Young Foster Carer Leading the Way this Foster Care Week

With more than 20,000 children in out-of-home care in New South Wales and a shortage of foster carers, 21-year-old Natasha Brown decided to answer the call for help.

The young Inverell resident never saw foster care in her future, but her support work with Pathfinders Non-Placement Support Services inspired her to apply.

“Working with the foster kids during visitations and transporting them to appointments and other respite placements made me want to give the kids a familiar face and place to stay,” she said.

“That’s why I started. I wanted to be that regularity for the children in the midst of an irregular situation.”

Natasha said that despite being young, her family and friends were supportive of her decision and determination to become a respite carer.

“Being young and single means parenting on my own, even if it’s for short-term or temporary placements,” she said.

“Having my mum on board as a positive support in my personal circle of relationships has helped, along with having supportive caseworkers who are open to answering any questions I may have.”

Natasha went through a 10-month screening, training and assessment process with the Pathfinders Foster Care service, a part of the Pathways Out-of-Home Care program, before being approved to provide respite care in August.

“I look back on it, and I’m glad they took that time to assess me because it speaks to the program’s thoroughness in ensuring the care and safety of the kids,” she said.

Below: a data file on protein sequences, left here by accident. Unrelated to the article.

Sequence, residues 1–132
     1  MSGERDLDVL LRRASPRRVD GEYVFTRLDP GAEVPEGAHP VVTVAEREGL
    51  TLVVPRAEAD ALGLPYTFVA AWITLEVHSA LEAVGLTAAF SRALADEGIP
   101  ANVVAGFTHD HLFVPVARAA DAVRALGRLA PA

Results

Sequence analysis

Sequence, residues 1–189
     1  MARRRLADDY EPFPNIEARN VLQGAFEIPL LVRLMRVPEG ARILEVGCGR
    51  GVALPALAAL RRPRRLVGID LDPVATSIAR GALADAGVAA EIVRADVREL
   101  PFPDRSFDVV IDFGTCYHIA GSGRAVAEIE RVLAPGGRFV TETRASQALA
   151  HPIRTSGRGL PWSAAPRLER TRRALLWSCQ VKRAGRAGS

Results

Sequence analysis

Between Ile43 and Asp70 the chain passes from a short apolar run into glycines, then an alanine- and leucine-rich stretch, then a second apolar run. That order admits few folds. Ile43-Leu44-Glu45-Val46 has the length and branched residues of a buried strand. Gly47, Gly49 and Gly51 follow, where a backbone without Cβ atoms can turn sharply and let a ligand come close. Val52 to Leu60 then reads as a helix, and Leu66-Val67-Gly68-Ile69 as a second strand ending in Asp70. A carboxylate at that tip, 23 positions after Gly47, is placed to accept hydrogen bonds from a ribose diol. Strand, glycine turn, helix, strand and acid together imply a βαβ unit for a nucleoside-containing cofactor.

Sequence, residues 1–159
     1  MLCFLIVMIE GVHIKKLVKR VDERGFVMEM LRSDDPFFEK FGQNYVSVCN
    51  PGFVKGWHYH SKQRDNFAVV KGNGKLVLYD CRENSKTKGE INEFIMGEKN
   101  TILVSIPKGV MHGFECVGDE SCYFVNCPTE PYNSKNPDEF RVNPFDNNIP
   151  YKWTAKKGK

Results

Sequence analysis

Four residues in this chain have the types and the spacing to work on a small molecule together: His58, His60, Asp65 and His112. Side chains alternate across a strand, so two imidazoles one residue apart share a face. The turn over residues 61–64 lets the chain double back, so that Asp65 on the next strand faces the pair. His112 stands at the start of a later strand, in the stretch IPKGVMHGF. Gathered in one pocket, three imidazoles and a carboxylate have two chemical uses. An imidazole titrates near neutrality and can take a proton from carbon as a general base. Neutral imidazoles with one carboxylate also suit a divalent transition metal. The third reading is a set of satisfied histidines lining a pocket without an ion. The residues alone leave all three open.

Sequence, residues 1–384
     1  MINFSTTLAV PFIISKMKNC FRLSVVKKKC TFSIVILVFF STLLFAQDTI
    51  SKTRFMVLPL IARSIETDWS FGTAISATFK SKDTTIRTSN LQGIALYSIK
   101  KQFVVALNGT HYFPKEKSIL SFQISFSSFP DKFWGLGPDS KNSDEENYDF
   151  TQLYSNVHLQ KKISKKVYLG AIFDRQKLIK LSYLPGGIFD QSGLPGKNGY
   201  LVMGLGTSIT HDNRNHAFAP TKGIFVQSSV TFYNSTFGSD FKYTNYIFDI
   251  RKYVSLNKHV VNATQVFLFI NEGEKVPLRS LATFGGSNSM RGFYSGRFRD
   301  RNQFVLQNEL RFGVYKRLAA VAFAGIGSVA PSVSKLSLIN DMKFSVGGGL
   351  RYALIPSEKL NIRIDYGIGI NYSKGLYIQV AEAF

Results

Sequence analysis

Pathways Foster Care Coordinator, Kim Smart, said that the first step to becoming a foster carer is to seek information from your local foster care provider.

“Foster carers come from all walks of life and can commit to arrangements that suit them best, whether respite, short-term or long-term care,” she said.

“The first step to helping one of the thousands of kids in care is to ask your service provider for more information to see how you can best provide care for children in need.”

Pathfinders’ Chief Executive Officer, Alan Brennan, said he hoped individuals would follow in the footsteps of people like Natasha Brown who are taking action to help kids in care.

“Foster carers provide a vital role in keeping New South Wales’ vulnerable children and young people safe in stable and caring homes,” he said.

“We commend the individuals and families who have generously taken in kids in care and hope that more people will seek information on how they too can help.”

Foster Care Week 2017 celebrates the work of NSW’s foster carers and raises awareness of the need to attract more foster carers.

People interested in finding out more about the range of ways to provide care for vulnerable children can visit the Pathfinders website at www.pathfinders.ngo/foster-care or contact 1800 314 199.

Pathfinders is a leading not for profit supporting disadvantaged children and families in the New England, North West and Mid North Coast regions. Every week we provide hundreds of families with the help they need to get back on their feet.

Media inquires: Noelia Trujillo noeliat@pathfinders.ngo or 0429371489


Natasha Brown